2. Who are some writers that have affected your storytelling sensibilities?
When I was ten years old, I bought a box of books from a yard sale for a quarter. It turned out to be full of erotic novels, many of them by VC Andrews. That was an educational summer; I read My Sweet Audrina fourteen times. That book had it all: spanking, masturbation, incest, rape, bondage, anal sex, gang bangs—it was fan-fucking-tastic.
I had an extremely sheltered childhood, very little television, no junk food, I wasn’t even allowed to leave our cul-de-sac to ride my bike. I was a total innocent. VC Andrews (and Anne Rice and Stephen King and Clive Barker and all the other authors I read way too young) awakened in me a life-long appetite for all things taboo.
I also read the book Jaws that same summer, from that same box of books. And there was this section where the main female character is not wearing underwear and she’s thinking about how wet her pussy is, and how much she wants Hooper to fuck her. I’ll never forget the moment when my mother walked in and saw me completely engrossed, turning pages with wide eyes and asked, “What’s that you’re reading?”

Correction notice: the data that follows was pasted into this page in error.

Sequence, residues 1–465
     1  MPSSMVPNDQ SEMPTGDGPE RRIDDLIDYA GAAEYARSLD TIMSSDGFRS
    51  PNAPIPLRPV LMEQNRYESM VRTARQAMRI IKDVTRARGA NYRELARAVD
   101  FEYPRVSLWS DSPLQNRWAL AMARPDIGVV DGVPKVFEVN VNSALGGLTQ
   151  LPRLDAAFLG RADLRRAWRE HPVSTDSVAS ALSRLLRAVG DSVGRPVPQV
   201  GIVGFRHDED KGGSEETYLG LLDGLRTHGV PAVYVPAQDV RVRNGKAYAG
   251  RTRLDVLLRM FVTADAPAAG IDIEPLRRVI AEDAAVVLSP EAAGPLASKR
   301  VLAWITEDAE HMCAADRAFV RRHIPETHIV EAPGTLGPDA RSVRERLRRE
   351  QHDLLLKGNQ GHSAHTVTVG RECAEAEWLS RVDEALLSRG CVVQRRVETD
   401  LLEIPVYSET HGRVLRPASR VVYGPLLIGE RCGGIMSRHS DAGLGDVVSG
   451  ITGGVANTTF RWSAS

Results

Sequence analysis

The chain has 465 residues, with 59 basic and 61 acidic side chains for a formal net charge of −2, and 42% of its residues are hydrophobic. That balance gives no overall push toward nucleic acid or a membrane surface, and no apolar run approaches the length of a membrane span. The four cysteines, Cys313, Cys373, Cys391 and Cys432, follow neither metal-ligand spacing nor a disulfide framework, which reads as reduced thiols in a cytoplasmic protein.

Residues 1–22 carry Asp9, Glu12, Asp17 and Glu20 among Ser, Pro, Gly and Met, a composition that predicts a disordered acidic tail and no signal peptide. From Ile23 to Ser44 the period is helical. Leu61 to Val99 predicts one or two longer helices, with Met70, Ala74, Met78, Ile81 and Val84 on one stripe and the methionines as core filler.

“A shark book,” I answered, and that was it. She just nodded and left the room. From then on, books became my secret world, my oasis. I really enjoy writing erotica for the Kindle because it makes me feel like I’m offering that same deliciously secret world to someone else. Hopefully they aren’t ten.
3. At this point in your career, you’ve focused on short stories. Do you have any plans to write a novel?
I’ve written two fiction novels, and they’re both crap. I say that with all the love a mother can have for her wayward children. They were learning experiences, and in all likelihood, I’ll go back and try to fix them someday. I like writing novels, I like world building, and I think I have a knack for interesting characters, but the simple immediacy of erotica really appeals to me right now.
4. What methods and strategies have you employed in order to promote both yourself as an author, as well stories?
I did my research before I started writing erotica. I figured out which genres were underrepresented, and how best to maximize my consumer base. In every story, I include a link to another story. I always write in different elements of kink, so that I get five customers instead of one.